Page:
|Variations||Sagittal, parasagittal, median sagittal, coronal||None|
|Sectioning||Left-right (sagittal), anterior-posterior (coronal)||Superior-inferior|
|Quantity||Fewer sections can be cut from a specimen||Easier to cut more transverse sections from a specimen|
|In Humans||Divided from head to toe||Divided from side to side (laterally)|
|In Canines||Horizontal position. Coronal plane is known as “dorsal” plane.||Vertical position.|
|Alternative Names||Anteroposterior or lateral (sagittal), frontal (coronal)||Transaxial, horizontal|
How are Longitudinal and Transverse Sections Similar?
Longitudinal and transverse sections are essential analytical tools for studying anatomy. They provide a simple framework for organizing the locations of different body parts, tissues, and anatomical features in relation to one another.
Both sections are used in medical imaging to provide various views of an organ or body part; their applications include:
- Diagnostic ultrasound (sonography)
- Magnetic resonance imaging (MRI)
- Computed tomography (CT)
- Positron emission tomography (PET)
The two terms are commonly heard in the context of biology; students learning about botany, anatomy—or later on—histology will frequently encounter longitudinal and transverse sections.
What are the anatomical planes?
Four planes are employed in the study of anatomy: the coronal, sagittal, and transverse (axial) are all discussed in this article and are the three basic planes.
The fourth, the median plane, is a special subset of the sagittal plane which cuts at the line of symmetry along the longitudinal axis. This line is named because the halves produced would be roughly symmetrical to each other.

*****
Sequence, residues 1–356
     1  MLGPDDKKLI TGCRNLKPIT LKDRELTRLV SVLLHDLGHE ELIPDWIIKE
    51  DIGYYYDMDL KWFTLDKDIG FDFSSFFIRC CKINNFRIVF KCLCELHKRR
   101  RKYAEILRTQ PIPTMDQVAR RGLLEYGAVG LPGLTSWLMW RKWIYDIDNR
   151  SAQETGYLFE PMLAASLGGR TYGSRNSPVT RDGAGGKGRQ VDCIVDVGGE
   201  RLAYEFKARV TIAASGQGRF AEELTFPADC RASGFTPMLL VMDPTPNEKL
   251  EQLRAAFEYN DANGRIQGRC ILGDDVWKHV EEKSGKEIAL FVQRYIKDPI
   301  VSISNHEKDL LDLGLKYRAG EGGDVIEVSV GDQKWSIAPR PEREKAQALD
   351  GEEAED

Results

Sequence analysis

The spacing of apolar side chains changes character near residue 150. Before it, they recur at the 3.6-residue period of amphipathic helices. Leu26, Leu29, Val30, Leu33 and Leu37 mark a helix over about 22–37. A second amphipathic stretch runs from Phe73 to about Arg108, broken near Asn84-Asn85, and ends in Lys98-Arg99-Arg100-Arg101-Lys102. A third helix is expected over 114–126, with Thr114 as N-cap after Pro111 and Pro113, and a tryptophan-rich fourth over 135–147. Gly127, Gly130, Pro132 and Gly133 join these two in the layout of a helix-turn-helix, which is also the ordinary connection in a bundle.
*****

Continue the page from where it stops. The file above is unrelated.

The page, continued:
Another name for the median plane is the cardinal sagittal plane.
A fifth type, the oblique plane, describes a cut dividing a specimen at any other angle, combining a transverse and longitudinal section.
What are examples of a longitudinal section?
The simplest example of a longitudinal section can be seen in making a banana split, where the banana is cut in half lengthwise so that ice cream scoops can be placed between the two slices.
The human brain can be divided into its left and right hemisphere; an imaginary plane precisely between the hemispheres creates sagittal sections.
What are examples of a transverse section?
People commonly create transverse sections in their daily lives.
A transverse section is made in cutting slices of cucumber or sausage for a sandwich, or in snipping the top of an instant coffee stick. Slices of tomato, orange, lime, or pomegranate are typically transverse cuts.
A longitudinal section is different from a transverse section because it divides an object along its longitudinal axis, thereby creating left-right (sagittal) or anterior-posterior (coronal) pairs.
To contrast, a transverse section cuts the same specimen across its longitudinal axis, producing top and bottom (superior and inferior) pairs. For this reason, they are also known as transaxial sections.
Both provide different views to better study a specimen and its internal features, especially in histology and medical imaging.